DANIEL SPRONG FOCUSED ON IMPROVING HIS DEFENSIVE SKILLS

Everywhere Daniel Sprong has gone, he’s been really, really good at one thing: scoring goals. Ever since he was one of few young lads tearing up the rink in Amsterdam, he was scoring goals. Once he crossed the pond and was terrorizing the bantam and minor midget ranks up and down the eastern seaboard, it was because he was scoring goals.

Sprong has continued to generate offense in bunches since the Pittsburgh Penguins drafted him in the second round of the 2015 NHL Entry Draft.  But now they’re looking for him to find a new trick: they want him to learn how to play defense.

The oft-cited but always elusive “200-foot game” is what Sprong is focused on achieving these days. Last year, after shoulder surgery denied him the first few months of the season, Sprong used his time back with the Charlottetown Islanders of the Québec Major Junior Hockey League to not only score many more goals, but to work on rounding out the defensive aspects of his skillset.

“I had good teammates and good coaches that helped me out with my 200-foot game in the Q last year, and I think my plus/minus showed it,” Sprong said. “And these games at [the 2017 Prospect Challenge], each game got better and better. It’s never going to be perfect at this time of year, but I’m making progress and getting closer to where I need to be.”

It’s hasn’t been an overnight adjustment for Sprong, largely because his game has been predicated on generating offense his entire life. And when he looks at the roster of the NHL team that drafted him, there’s plenty of existing offensive firepower with the likes of Sidney Crosby, Evgeni Malkin, Phil Kessel and Jake Guentzel to name a few. So Sprong feels the pressure to demonstrate his worth amongst a crowded field of competition.

“Pittsburgh has a lot of scoring depth and me being an offensive guy, of course I have to worry about creating chances every time I’m on the ice to prove myself,” Sprong said.

That creates quite a mental paradox for a young player. On one hand, you want to do the one thing you’ve done your whole life, while the people in charge of you want you to do the opposite. Instead of being overwhelmed by it all, Sprong has welcomed this challenge with open arms.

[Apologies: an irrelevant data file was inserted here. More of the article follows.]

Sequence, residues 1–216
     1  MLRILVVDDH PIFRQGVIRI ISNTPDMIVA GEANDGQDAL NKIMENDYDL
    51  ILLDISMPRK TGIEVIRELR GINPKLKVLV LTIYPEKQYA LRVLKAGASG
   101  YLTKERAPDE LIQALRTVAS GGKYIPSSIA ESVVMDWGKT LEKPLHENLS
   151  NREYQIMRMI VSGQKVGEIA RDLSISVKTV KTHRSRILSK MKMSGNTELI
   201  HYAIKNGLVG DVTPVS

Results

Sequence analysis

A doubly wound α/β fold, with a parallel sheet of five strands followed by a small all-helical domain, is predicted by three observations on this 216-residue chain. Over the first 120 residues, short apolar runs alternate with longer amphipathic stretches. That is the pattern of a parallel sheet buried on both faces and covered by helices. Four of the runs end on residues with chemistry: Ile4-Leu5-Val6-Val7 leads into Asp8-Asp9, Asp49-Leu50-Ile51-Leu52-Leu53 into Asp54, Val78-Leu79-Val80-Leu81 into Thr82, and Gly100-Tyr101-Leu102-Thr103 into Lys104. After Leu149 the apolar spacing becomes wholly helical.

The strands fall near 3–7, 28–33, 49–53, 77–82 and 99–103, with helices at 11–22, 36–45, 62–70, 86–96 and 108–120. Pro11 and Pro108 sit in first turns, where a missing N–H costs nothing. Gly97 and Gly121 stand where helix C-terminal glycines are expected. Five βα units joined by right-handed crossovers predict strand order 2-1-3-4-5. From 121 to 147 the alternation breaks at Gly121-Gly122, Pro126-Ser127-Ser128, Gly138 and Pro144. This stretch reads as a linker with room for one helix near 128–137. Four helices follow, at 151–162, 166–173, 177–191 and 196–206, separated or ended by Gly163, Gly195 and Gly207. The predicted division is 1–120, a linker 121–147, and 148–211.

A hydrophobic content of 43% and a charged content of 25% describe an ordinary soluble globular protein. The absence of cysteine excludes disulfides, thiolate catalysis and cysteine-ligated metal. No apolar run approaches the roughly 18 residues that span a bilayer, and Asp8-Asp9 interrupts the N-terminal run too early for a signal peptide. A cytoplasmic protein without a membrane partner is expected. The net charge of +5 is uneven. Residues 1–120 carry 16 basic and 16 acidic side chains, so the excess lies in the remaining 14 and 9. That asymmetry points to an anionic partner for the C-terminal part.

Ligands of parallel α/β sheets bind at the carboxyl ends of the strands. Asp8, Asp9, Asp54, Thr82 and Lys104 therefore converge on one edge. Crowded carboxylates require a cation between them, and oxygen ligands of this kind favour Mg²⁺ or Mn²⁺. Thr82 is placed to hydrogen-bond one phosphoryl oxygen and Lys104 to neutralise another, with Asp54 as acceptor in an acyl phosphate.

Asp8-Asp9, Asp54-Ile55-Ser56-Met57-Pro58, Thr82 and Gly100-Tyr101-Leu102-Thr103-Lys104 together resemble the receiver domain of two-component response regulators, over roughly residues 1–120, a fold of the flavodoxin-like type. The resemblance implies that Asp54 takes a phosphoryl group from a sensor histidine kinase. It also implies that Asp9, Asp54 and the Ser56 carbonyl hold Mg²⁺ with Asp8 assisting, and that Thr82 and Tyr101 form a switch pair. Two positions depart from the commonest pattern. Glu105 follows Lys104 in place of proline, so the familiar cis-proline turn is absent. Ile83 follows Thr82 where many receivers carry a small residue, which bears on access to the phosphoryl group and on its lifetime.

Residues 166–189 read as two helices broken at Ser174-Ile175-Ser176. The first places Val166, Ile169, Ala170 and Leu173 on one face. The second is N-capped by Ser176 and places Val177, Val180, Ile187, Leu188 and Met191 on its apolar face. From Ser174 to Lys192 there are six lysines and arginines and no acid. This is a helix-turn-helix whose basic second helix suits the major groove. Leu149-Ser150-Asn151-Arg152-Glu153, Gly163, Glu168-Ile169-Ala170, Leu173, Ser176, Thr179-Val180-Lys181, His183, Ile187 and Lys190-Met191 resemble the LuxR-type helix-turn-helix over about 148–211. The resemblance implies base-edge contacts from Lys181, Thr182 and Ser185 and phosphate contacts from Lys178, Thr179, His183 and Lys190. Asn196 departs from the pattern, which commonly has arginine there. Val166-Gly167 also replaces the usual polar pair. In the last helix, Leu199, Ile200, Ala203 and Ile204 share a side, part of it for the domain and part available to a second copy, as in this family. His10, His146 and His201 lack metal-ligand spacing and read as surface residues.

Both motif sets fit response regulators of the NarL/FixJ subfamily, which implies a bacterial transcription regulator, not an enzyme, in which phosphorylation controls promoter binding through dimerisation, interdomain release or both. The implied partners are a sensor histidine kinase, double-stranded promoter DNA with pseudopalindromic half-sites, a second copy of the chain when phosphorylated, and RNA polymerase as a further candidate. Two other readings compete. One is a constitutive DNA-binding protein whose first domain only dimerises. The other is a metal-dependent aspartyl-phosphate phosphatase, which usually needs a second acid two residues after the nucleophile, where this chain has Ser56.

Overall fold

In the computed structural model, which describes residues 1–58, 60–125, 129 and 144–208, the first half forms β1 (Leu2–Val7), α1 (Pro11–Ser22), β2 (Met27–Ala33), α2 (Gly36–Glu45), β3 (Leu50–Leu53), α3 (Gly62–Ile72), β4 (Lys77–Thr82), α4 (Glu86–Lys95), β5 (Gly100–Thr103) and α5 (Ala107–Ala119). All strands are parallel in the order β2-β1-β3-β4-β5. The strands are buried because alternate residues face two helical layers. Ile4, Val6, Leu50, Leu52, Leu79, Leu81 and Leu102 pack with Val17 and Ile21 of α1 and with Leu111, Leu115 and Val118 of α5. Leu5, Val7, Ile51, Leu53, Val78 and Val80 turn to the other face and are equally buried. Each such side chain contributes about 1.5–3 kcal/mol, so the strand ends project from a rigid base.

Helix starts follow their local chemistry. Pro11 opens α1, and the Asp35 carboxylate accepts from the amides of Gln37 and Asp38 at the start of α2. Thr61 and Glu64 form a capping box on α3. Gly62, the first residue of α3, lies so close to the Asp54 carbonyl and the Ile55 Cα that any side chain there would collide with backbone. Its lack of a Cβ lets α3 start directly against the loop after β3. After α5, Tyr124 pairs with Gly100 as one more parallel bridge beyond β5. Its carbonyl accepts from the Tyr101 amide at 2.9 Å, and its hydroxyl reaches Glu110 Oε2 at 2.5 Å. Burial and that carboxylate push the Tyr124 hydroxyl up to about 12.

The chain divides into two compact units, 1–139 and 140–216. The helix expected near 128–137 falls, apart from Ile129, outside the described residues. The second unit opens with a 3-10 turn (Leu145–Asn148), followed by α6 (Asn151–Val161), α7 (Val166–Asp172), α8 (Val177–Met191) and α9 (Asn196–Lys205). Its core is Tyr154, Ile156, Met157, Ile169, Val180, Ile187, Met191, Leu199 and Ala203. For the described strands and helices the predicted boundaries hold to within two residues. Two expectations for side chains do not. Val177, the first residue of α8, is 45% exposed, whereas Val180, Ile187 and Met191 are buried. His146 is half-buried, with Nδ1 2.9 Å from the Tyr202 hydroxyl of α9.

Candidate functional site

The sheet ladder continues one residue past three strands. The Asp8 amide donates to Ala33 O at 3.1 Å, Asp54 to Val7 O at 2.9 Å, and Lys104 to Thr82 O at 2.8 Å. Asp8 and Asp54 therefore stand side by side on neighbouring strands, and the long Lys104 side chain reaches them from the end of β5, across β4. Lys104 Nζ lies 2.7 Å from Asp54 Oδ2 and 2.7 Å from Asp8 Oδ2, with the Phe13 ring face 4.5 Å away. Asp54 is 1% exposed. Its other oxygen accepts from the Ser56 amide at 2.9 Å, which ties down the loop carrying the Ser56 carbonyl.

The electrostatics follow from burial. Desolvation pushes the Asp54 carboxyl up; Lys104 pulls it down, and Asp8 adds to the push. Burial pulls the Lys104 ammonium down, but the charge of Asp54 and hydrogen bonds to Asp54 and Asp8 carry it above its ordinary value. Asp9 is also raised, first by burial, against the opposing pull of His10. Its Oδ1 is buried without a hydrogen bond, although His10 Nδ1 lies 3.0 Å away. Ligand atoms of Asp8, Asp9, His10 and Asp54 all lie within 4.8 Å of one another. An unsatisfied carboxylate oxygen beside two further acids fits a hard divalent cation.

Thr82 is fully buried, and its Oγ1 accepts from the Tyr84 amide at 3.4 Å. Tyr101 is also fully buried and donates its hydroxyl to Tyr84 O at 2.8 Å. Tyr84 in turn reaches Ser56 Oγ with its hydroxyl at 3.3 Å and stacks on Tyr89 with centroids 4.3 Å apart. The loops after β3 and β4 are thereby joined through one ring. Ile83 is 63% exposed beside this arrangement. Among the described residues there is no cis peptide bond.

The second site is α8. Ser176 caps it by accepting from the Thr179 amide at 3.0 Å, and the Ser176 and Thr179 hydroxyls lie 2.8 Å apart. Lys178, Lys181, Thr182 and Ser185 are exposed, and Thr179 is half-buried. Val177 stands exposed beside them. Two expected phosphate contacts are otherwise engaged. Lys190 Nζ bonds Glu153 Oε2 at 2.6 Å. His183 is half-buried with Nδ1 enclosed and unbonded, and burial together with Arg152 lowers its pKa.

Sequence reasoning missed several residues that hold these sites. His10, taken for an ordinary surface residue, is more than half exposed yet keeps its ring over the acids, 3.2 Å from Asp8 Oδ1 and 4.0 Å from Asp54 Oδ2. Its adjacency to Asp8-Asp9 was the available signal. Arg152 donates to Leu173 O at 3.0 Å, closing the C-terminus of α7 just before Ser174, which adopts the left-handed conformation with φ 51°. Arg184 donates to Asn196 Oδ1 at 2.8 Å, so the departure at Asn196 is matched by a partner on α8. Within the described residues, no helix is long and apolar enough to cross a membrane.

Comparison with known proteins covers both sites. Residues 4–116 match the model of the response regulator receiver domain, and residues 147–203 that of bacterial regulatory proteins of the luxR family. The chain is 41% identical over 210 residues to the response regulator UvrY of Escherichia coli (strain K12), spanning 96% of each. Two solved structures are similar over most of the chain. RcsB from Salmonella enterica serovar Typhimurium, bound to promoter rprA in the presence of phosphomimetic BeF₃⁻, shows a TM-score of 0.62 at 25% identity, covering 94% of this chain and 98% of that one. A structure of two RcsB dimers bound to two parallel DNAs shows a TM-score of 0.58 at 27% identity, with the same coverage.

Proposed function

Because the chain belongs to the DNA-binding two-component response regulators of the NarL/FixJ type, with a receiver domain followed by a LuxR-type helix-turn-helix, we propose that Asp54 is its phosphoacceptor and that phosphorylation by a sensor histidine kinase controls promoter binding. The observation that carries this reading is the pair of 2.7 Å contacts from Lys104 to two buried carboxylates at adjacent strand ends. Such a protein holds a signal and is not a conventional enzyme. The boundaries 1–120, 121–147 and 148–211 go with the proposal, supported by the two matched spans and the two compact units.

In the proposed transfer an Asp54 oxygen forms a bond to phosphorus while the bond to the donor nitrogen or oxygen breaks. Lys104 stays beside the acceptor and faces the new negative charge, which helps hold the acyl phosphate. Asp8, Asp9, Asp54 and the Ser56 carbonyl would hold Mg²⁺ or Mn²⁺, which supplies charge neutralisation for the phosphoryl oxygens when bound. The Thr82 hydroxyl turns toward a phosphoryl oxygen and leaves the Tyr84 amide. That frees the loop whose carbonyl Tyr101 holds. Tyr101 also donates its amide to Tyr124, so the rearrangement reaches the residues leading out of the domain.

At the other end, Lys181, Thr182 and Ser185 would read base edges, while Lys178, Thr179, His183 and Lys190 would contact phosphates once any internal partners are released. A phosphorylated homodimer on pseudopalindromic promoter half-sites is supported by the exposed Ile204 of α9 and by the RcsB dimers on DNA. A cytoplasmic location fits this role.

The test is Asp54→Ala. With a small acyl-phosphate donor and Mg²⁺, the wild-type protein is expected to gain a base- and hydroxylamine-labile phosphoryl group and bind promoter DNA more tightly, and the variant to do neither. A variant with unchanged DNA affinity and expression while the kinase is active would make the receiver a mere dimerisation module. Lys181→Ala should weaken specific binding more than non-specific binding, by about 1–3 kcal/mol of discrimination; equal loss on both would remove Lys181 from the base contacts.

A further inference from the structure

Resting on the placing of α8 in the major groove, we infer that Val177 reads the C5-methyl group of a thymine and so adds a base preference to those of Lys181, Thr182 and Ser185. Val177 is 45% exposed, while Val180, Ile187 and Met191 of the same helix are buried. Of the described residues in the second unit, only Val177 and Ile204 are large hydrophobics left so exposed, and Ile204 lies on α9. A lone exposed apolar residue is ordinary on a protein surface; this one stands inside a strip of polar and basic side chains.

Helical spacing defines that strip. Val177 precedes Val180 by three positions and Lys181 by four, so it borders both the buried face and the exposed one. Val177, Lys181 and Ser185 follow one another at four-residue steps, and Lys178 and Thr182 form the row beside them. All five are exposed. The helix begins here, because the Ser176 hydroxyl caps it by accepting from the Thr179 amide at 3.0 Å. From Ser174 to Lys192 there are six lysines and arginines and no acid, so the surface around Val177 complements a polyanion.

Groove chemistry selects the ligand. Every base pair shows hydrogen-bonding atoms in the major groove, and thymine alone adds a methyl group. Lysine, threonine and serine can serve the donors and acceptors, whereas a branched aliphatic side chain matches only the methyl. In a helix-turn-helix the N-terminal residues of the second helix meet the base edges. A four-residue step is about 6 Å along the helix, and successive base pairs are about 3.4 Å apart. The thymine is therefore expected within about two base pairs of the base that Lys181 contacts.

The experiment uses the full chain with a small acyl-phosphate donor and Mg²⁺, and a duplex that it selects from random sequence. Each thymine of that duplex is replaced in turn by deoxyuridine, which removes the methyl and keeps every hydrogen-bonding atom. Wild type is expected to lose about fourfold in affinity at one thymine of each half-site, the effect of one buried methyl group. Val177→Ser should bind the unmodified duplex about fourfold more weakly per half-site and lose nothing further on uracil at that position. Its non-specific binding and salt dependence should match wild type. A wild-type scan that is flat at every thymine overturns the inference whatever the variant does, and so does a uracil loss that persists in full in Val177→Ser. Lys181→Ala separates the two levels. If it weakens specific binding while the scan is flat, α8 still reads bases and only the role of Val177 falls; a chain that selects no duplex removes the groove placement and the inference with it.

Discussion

Furthermore, Wilkes-Barre/Scranton assistant coach Tim Army says that Sprong is far from the first player to go through that conundrum.

“That’s the pressure of this immense offensive potential and ability,” Army said. “But then it’s about the process of players learning how to best take advantage of that ability. The only way you can take advantage of it, is being diligent without the puck in all three zones. Pro hockey’s too difficult, it’s too humbling. If you’re not diligent off the puck, you’ll quickly find you’ll dry up offensively, too.”

A young offensive stud isn’t exactly accustomed to playing off the puck all that often, though. Sprong has been the go-to guy for his teams to drive the play shift after shift. Now that he’s starting from scratch and isn’t going to always be in those same situations, well, that’s the current learning curve he’s on right now.

“That’s just all part of being a pro,” coach Clark Donatelli said. “Those offensive players, especially coming out of juniors, their defense IS having the puck. Now when you try moving up, you might have the puck less, so you have to adapt your game. He’s such a high talent that he’ll figure it out.”

Sprong is also far from the first player to go through these growing pains. Donatelli and Wilkes-Barre/Scranton GM Bill Guerin both used the phrase “superstars” when talking about the game’s history of offensive players thriving once they learned how to effectively play defense. Army, on the other hand, had more specific examples.

“I think back to all those years ago when I was in Anaheim, and we drafted Paul Kariya,” he said. “And then when we traded for Teemu (Selänne). They were really young guys at that time. They obviously had brilliant offensive ability, but to learn the game from an away from the puck vantage point, it took some time.Eventually, by them playing, and you being patient with them and instructing them, they begin to figure it out.”

Now, both Kariya and Selänne are Hall of Fame bound.

That’s not to say Sprong is destined for Younge Street, but those two names provide a perfect example of what his career could be if he harnesses the power of the mythical 200-foot game. Only then can he truly reach the skyscraper high ceiling of his offensive talents. More goals for Daniel Sprong. Though he’s probably used to hearing that at this point.

2017-18 Wilkes-Barre/Scranton Penguins Season Ticket Information